Propolis in Veterinary Medicine

What is good for humans cannot be bad for the animal. Of course, that is not quite true. In the case of the natural product Propolis, however, this statement is fully true. Let's take a look at Propolis and see how this natural bee product can be useful to your pet.

What exactly is Propolis?

Propolis is also called bee-kitt resin – it is one of the many natural wonders: bees absorb resin on flower buds, on deciduous and coniferous trees and apply it to the hive. There, the industrious bees process the resin and add special glandular secretions to it. This is how Propolis is created. The word comes from Greek and means "before the city": the bees protect their city – the hive – with propolis. They clog cracks and crevices to secure the thermal insulation in the cane and to regulate the size of the flight hole so that no enemies can penetrate. But Propolis is even more important for the safety of the bee colony. After all, diseases and germs should also remain outside "in front of the city". For this, the bees rely on the antibacterial, antiviral and fungicidal properties of the propolis, with which they protect their queen and themselves. The clever animals coat the inner walls of the cells in the hive with a fine propolis coating. They disinfect their apartment, so to speak. Once this extremely effective disinfection is complete, the queen bee can start laying the eggs.

The name Propolis refers to this – and in fact life in a hive is like life in a city: it is a constant coming and going, everywhere work is done, and sometimes it also dies. Then the other working bees usually bring the deceased bee colleagues outside. But this is not always successful. In order to keep the stick clean, the industrious bees cover the bee corpses that were not transported outside with propolis. They do the same with small animals that have been invaded and killed in the cane: they embals the carcasses with propolis in order to counteract the process of deedification. Anyone who now thinks of the ancient Egyptians and their mummies is not wrong: it is precisely this knowledge that they took advantage of in the embedals of their deceased.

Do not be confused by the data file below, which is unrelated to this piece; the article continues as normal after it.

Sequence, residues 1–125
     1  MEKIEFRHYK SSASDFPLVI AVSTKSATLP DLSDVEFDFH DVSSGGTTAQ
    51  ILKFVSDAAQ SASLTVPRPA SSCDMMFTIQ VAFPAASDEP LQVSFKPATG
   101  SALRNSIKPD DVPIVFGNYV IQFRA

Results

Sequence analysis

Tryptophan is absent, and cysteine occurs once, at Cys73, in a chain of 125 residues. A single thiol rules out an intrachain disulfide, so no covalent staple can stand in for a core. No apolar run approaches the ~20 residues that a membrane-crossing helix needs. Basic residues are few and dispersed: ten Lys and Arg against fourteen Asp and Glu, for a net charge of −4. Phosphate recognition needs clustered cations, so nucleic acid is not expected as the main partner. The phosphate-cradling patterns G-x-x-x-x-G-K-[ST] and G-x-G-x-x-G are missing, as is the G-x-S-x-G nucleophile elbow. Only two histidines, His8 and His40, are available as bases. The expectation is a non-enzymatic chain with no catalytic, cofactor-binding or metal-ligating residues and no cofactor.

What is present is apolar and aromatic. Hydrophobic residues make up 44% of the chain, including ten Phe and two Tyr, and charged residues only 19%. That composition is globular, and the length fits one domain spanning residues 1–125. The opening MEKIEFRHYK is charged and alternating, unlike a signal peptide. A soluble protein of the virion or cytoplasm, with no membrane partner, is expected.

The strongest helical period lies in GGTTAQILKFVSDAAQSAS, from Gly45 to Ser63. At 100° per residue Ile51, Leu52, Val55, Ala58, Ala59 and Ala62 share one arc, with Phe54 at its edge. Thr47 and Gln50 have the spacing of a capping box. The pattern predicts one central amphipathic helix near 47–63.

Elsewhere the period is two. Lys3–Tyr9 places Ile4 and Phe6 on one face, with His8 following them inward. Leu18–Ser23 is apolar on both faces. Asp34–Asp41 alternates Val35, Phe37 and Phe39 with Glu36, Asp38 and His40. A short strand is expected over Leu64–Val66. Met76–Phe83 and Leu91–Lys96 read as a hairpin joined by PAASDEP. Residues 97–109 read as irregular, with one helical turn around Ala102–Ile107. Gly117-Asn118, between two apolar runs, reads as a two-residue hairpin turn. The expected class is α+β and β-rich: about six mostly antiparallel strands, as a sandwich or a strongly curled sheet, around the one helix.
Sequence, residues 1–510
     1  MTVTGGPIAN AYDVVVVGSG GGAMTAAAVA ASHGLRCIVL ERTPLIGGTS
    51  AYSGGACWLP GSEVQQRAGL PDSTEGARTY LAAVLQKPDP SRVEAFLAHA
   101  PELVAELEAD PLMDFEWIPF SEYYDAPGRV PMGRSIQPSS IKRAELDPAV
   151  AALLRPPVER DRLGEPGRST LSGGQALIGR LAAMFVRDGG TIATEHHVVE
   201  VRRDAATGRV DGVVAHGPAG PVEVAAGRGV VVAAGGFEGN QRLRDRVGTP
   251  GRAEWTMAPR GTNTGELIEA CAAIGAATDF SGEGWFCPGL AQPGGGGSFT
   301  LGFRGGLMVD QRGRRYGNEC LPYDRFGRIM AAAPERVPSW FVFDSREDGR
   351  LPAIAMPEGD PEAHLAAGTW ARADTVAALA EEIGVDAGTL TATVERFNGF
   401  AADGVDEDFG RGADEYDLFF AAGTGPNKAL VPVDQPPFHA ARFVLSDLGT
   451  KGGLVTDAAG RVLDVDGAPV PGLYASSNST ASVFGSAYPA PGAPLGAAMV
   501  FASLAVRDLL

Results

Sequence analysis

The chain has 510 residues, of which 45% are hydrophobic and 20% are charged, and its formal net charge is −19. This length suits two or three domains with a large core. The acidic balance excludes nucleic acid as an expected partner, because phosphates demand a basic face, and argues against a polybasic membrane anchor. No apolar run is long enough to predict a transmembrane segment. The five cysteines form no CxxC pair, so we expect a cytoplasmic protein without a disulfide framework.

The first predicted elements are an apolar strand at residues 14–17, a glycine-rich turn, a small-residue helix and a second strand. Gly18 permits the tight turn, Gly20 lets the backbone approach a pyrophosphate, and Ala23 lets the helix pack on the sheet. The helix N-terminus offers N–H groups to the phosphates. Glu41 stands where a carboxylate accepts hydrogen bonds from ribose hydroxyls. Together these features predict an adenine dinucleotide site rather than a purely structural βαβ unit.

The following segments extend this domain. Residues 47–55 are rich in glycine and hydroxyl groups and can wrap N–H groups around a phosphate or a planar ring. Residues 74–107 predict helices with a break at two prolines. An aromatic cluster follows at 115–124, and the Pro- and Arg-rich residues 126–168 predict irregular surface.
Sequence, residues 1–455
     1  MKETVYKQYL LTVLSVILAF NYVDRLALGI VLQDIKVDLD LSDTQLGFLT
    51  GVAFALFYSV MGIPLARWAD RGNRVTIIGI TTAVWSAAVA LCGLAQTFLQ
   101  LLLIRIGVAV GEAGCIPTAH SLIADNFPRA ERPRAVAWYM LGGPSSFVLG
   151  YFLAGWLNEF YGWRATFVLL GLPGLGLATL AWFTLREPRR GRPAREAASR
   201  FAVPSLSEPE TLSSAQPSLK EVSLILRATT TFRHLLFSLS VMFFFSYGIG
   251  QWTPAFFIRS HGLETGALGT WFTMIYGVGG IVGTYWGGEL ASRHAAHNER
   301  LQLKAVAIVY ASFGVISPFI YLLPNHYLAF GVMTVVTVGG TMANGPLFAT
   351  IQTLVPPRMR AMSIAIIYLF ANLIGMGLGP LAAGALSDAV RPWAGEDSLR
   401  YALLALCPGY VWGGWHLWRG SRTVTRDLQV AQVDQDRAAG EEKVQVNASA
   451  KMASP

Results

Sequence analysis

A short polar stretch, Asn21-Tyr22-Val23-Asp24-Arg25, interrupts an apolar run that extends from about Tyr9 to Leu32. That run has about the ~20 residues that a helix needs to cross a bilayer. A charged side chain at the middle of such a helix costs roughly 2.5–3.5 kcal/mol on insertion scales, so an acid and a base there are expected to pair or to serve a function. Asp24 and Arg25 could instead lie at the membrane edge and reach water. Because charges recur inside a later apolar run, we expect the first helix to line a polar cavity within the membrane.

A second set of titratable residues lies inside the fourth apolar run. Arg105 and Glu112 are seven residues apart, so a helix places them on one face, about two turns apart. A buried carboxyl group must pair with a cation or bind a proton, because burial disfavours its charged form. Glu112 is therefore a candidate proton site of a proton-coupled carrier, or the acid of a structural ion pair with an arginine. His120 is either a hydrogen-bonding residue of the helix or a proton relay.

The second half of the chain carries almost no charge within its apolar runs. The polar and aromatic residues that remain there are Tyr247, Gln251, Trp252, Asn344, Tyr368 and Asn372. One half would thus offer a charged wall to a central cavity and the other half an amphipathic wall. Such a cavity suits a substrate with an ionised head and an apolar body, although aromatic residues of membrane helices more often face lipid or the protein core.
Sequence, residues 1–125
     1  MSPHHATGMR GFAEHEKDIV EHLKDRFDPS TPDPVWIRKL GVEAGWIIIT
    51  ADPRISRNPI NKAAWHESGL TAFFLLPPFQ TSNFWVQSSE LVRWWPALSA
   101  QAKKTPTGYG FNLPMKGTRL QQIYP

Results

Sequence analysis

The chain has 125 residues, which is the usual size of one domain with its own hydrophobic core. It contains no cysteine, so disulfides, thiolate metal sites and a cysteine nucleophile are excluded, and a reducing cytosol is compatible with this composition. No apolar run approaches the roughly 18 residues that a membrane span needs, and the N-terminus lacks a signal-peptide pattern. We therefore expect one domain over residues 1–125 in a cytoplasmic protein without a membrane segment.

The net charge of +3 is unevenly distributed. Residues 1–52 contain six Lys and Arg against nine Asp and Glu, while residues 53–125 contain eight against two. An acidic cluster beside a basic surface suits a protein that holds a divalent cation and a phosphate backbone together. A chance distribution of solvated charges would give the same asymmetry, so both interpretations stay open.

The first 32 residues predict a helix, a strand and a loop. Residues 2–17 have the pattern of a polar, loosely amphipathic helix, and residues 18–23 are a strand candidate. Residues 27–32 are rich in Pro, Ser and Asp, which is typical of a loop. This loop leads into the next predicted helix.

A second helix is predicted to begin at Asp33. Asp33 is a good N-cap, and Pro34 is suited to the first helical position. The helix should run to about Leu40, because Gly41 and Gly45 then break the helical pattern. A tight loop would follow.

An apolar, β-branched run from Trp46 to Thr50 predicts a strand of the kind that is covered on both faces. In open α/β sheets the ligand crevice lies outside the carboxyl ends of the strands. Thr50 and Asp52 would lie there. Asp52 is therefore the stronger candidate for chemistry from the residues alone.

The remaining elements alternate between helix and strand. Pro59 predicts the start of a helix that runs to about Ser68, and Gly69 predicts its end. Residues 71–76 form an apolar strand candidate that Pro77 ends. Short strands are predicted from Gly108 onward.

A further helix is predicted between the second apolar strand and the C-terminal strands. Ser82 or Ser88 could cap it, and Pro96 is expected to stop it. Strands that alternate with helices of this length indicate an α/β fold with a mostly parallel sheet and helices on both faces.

Our propolis, extracted from the hive, consists of approx. 50% resin and essential oils, pollen, minerals and trace elements (e.B. aluminium, manganese, copper, iron), as well as flavones and acids.

Propolis in Veterinary Medicine:
As a general rule, a sick pet must go to the veterinarian. But the question we are dealing with here is: does Propolis also have a preventive and healing effect on pets? The answer to this question is clearly 'yes'.

Dogs and cats
In alternative veterinary medicine, Propolis has long since ceased to be an insider tip. But more and more veterinarians are also resorting to propolis for various indications, including prophylaxis. By internal ingestion, Propolis prevents worm infestation in dogs and cats and helps with bad breath.

Dogs like to use kennel cough, laryngitis, intestinal inflammation, as well as sinusitis. Pets also get cold. Propolis then supports the healing process due to its antiviral and antibacterial properties.

By applying propolis balm or propolis drops without alcohol, it is successfully used for eczema, fungal infestation and small wounds, as well as on the paws (e.B. in winter for injuries caused by stray salt).

In horses, Propolis is often used by Mauke, as e.B. Propolis balm supports inflamed skin areas in the regeneration. Propolis also has very good success in the treatment of necrotic wounds in horses and cows.

Propolis also generally increases the body's own defenses in pets and prevents exhaustion. The high tolerability of propolis in pets is to be emphasized. Only about 1% react with intolerance to propolis, presumably as an allergic reaction to a certain proportion of pollen. For example, if you are adding propolis powder to your pet, you should check beforehand whether your pet can tolerate the Propolis addition. Recommendations range from 0.1 grams per kilo of body weight to 5 grams per kilo. Start with one tenth of the recommended daily dose and increase the dose daily by another 10%. After 10 days, you have reached the normal dose.

As you can see, there are many applications of Propolis in pets. However, it is not a drug for all positive properties. Therefore, in case of doubt, ask your veterinarian how Propolis can help the healing of your pet.

In our shop you can buy a variety of high quality Propolis products.

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